The anode, however, is connected to the positive terminal of the voltage source. The drop in potential due to the arrival of the electrons on the anode leads to the transfer of these electrons to the negative terminal: the potential of the anode does not change.

Cathodic Or Reduction Reaction[edit]

At the cathode a reduction reaction is taking place. The cathode is very rich in electrons, as it is connected to the negative terminal of the voltage source. It has a great reducing power. As in this example water is the only component in the cell, it is to be reduced according to:

2 H2O + 2 e Biochem reaction arrow forward NNNN horiz med.svg H2 + 2 OH

The formed hydrogen ascends as bubbles and might be caught in a test tube and tested for, otherwise it escapes into the air. The ions of hydroxide simply dissolve in the remaining water and of course will react with the hydrogen ions formed at the anode. The electrons are taken in by the anode.

The anode, however, is connected to the positive terminal of the voltage source. The drop in potential due to the arrival of the electrons on the anode leads to the transfer of these electrons to the negative terminal: the potential of the anode does not change.

Complete Reaction[edit]

As is seen in the reaction equations, hydrogen and oxygen are formed. Although the equations are balanced in themselves, the over all reaction needs some adjustment, as four electrons are taken in at the anode, and only two are released at the cathode. To balance the over all reaction, the cathodic one should be read twice, so:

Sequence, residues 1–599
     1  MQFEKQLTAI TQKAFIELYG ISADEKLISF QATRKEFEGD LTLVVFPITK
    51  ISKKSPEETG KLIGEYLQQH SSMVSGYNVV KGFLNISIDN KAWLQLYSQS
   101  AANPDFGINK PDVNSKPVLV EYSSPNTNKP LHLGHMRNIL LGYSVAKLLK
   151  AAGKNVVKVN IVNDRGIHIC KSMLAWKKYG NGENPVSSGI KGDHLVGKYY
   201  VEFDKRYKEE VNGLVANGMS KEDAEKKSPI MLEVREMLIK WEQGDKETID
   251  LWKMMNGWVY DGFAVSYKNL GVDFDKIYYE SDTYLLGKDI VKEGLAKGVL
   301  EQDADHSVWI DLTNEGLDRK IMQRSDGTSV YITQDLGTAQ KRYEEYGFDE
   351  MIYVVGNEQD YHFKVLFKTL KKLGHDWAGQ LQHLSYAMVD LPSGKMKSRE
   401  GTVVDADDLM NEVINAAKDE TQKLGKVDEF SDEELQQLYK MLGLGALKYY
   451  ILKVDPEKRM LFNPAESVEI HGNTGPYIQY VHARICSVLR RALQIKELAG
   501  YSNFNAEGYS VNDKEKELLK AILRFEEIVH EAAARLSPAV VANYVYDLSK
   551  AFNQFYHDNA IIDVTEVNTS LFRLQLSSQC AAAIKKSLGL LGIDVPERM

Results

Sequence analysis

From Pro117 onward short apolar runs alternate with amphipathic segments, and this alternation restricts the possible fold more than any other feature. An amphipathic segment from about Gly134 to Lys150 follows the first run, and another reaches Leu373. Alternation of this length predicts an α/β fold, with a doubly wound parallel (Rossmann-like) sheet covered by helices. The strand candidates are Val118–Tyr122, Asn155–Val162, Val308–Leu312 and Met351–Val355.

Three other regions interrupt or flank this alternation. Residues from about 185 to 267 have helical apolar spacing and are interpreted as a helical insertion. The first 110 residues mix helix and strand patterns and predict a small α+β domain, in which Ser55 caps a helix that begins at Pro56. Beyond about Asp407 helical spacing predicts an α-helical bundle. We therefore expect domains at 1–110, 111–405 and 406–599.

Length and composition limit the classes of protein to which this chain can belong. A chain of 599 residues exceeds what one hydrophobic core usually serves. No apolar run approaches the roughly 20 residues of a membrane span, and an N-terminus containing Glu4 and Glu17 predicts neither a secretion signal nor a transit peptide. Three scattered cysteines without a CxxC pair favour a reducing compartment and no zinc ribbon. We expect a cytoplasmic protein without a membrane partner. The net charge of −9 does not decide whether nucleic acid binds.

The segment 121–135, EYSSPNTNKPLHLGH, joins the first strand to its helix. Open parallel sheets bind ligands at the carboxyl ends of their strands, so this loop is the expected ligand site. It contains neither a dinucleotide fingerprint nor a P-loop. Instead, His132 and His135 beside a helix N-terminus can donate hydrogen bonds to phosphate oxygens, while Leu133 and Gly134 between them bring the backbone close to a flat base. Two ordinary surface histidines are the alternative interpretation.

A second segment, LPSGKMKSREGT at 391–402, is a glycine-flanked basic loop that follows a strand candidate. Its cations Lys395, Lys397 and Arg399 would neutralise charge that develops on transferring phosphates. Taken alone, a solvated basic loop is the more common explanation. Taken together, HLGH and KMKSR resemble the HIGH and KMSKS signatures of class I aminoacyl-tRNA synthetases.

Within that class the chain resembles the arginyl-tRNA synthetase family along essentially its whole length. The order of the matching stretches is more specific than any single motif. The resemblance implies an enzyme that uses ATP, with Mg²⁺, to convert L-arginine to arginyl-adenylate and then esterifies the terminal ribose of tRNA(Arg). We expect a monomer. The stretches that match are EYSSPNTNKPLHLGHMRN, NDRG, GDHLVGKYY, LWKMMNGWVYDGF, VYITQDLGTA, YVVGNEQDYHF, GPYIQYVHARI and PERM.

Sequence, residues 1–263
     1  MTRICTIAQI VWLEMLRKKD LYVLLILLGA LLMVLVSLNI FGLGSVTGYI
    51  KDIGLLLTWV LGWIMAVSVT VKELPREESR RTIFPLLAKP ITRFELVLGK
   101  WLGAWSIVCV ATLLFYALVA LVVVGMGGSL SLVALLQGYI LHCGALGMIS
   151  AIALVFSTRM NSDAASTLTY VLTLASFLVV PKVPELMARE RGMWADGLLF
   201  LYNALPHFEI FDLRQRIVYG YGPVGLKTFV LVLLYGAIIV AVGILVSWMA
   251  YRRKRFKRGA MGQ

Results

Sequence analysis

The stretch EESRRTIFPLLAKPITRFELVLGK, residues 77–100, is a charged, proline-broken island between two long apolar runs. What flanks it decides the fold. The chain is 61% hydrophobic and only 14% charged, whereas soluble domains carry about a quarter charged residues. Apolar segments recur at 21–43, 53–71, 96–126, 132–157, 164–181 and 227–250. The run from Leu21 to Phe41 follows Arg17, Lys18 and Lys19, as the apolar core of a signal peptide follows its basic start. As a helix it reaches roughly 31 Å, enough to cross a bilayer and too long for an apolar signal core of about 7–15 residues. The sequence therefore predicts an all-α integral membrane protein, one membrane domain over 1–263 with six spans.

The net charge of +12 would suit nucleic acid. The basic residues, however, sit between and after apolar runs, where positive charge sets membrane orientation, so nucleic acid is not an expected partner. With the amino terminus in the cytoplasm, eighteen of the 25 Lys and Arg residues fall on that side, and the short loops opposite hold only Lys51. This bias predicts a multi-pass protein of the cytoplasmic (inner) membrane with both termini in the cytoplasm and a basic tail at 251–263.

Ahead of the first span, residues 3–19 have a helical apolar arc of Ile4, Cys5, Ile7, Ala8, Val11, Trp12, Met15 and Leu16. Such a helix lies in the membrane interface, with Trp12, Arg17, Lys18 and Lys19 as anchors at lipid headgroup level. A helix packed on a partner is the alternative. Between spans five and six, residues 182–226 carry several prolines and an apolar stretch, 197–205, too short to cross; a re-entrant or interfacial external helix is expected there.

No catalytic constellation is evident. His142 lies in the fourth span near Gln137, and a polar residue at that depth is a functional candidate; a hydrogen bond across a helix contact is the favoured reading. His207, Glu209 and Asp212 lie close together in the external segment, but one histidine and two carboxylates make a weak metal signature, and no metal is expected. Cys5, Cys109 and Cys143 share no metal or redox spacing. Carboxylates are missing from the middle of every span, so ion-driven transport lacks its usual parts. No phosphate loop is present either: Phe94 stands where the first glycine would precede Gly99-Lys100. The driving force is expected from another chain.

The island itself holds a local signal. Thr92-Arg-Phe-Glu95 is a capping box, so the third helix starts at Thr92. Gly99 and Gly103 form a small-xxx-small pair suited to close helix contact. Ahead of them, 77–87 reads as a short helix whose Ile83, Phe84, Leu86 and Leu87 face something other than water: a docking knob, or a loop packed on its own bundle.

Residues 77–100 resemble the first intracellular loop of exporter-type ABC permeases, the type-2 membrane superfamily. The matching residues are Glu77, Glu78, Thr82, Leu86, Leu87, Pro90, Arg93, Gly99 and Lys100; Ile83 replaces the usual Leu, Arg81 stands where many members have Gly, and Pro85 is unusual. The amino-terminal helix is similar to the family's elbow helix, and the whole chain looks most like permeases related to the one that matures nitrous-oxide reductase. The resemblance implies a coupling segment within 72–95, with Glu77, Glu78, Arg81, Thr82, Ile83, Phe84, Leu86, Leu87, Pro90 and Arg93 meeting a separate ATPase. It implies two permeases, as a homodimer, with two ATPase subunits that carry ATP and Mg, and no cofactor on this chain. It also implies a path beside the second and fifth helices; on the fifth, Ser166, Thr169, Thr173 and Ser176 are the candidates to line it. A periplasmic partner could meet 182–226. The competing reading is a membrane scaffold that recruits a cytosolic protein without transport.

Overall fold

2 H2O Biochem reaction arrow forward NNNN horiz med.svg 2 H2 + O2

More Complex Electrolysis[edit]

Elektrolyse Zinkiodid.jpg
Picture of a zinc iodide containg electrochemical cell. The text is german:
Lösung = solution
Graphit=Carbon

The example of water being electrolysed is straight forward. A more complicated situation arises when a solute is added. Now at both electrodes several reactions might be possible, but only one will proceed. As an example a solution of zinc iodide is used. To predict the reactions at each electrode that will occur the following procedure will help:

Determine the components present at the anode. The components and their respective redox potentials for oxydation are:

ComponentEoFor carbon no value is found, as carbon is an inert electrode material, it simply does not react. For Zn2+ no value is found because of the impossibility to oxidize this ion
At the anode an oxidation will take place. The strongest reductor will deliver the electrons. Inspection of the table of Standard Electrode Potentials leads to the numbers in the second row of the table.
By far, iodide is the stronger reductor (has the lower Eo) so iodide will be oxydized to Iodine.
Co ?
H2O+1.23
Zn2+ − 
I+0.53


Determine the components present at the cathode. The components and their respective redox potentials for reduction are:

ComponentEoAgain, for carbon no value is found, as carbon is an inert electrode material, it simply does not react. But now for iodide too no value is found as it is not possible to reduce the iodide further.
At the cathode a reduction will take place. The strongest oxydator will accept the electrons. Inspection of the table of Standard Electrode Potentials leads to the numbers in the second row of the table, which then leads to the conclusion that the Zn2+ ion will accept the electrons and be converted to its metallic state.
Co ?
H2O−0.8277
Zn2+−0.7618
I − 

Reference[edit]

  1. Electrochemical cells are discussed more extensively in the text on potentiometry.
  2. To balance the equation explicitly the charge of the electrons is written here.